A Russian crime ring has amassed the largest known collection of stolen Internet credentials, including 1.2 billion username and password combinations and more than 500 million email addresses, security researchers say.
The records, discovered by Hold Security, a firm in Milwaukee, include confidential material gathered from 420,000 websites, ranging from household names to small Internet sites….At the request of The New York Times, a security expert not affiliated with Hold Security analyzed the database of stolen credentials and confirmed it was authentic.
So far, says the Times, the Russian hackers are mostly using the information “to send spam on social networks like Twitter at the behest of other groups, collecting fees for their work.” I guess that counts as good news, all things considered, though obviously that could change quickly. Here’s how the Russian gang did it:
They began as amateur spammers in 2011, buying stolen databases of personal information on the black market. But in April, the group accelerated its activity….Since then, the Russian hackers have been able to capture credentials on a mass scale using botnets — networks of zombie computers that have been infected with a computer virus — to do their bidding. Any time an infected user visits a website, criminals command the botnet to test that website to see if it is vulnerable to a well-known hacking technique known as a SQL injection, in which a hacker enters commands that cause a database to produce its contents. If the website proves vulnerable, criminals flag the site and return later to extract the full contents of the database.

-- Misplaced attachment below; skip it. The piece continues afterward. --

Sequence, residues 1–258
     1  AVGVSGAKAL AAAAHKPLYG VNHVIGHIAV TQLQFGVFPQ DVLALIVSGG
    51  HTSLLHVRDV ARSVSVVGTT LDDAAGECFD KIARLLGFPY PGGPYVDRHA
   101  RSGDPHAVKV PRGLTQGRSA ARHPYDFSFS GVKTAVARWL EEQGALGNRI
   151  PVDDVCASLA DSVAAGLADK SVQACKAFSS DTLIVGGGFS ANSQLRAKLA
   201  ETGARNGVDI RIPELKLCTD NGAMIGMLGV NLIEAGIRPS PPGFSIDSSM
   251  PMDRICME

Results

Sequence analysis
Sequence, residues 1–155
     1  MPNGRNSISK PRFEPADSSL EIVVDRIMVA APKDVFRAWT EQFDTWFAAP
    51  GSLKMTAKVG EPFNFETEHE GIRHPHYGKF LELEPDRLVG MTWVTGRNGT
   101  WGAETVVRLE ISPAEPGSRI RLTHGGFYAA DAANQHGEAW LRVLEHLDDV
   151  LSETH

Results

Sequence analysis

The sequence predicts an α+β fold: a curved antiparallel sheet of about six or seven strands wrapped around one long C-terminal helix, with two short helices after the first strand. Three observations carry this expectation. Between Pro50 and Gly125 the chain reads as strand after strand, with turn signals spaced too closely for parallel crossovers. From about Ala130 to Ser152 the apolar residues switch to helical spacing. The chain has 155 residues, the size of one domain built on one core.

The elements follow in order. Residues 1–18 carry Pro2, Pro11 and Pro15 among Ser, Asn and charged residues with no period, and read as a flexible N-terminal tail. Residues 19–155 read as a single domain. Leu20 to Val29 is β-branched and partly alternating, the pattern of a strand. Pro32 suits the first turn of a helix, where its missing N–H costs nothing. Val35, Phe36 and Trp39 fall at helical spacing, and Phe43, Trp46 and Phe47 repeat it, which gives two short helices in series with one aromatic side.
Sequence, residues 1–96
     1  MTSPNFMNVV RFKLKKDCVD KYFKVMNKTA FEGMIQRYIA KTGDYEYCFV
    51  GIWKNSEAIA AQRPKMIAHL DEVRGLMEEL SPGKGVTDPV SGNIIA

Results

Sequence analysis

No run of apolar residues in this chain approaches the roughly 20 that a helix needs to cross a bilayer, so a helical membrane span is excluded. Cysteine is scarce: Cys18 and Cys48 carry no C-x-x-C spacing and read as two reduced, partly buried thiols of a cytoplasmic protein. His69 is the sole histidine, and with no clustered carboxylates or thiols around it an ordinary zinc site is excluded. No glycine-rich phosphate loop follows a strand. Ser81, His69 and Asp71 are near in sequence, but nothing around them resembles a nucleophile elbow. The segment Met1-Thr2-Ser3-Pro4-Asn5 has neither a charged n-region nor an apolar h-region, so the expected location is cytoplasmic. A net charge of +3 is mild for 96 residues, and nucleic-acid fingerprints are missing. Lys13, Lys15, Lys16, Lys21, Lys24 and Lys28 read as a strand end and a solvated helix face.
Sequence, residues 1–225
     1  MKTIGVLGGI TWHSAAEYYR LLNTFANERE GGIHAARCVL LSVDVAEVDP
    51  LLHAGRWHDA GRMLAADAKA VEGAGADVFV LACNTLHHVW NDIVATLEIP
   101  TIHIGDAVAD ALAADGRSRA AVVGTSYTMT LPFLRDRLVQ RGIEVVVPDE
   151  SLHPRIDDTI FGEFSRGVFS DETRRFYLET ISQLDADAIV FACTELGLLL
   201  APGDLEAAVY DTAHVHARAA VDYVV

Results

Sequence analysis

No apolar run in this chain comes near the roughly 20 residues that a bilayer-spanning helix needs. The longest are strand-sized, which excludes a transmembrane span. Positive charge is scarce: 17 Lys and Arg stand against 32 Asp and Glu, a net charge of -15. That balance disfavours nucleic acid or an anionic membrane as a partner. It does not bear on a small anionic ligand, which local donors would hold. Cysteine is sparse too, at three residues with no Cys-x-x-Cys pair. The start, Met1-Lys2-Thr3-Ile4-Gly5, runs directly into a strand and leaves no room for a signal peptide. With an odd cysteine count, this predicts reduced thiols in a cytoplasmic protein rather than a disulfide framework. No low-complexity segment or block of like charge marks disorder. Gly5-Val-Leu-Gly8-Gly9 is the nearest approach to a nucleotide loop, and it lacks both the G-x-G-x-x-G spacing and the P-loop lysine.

“They audited the Internet,” Mr. Holden said. It was not clear, however, how computers were infected with the botnet in the first place.
By July, criminals were able to collect 4.5 billion records — each a username and password — though many overlapped. After sorting through the data, Hold Security found that 1.2 billion of those records were unique. Because people tend to use multiple emails, they filtered further and found that the criminals’ database included about 542 million unique email addresses.
I guess I really should get started on my annual password-changing exercise. Or maybe get a password manager, which I’ve resisted so far for reasons that may not really be that compelling. Or, alternatively, just forget the whole thing except for a very few sites that pose a real threat if hacked. I mean, do I really care if someone gets the password to my LA Times account? What good would it do them? Unfortunately, even on a fairly narrow reading of “real threat,” I come up with nearly a couple dozen sites. That’s still a lot of passwords to change.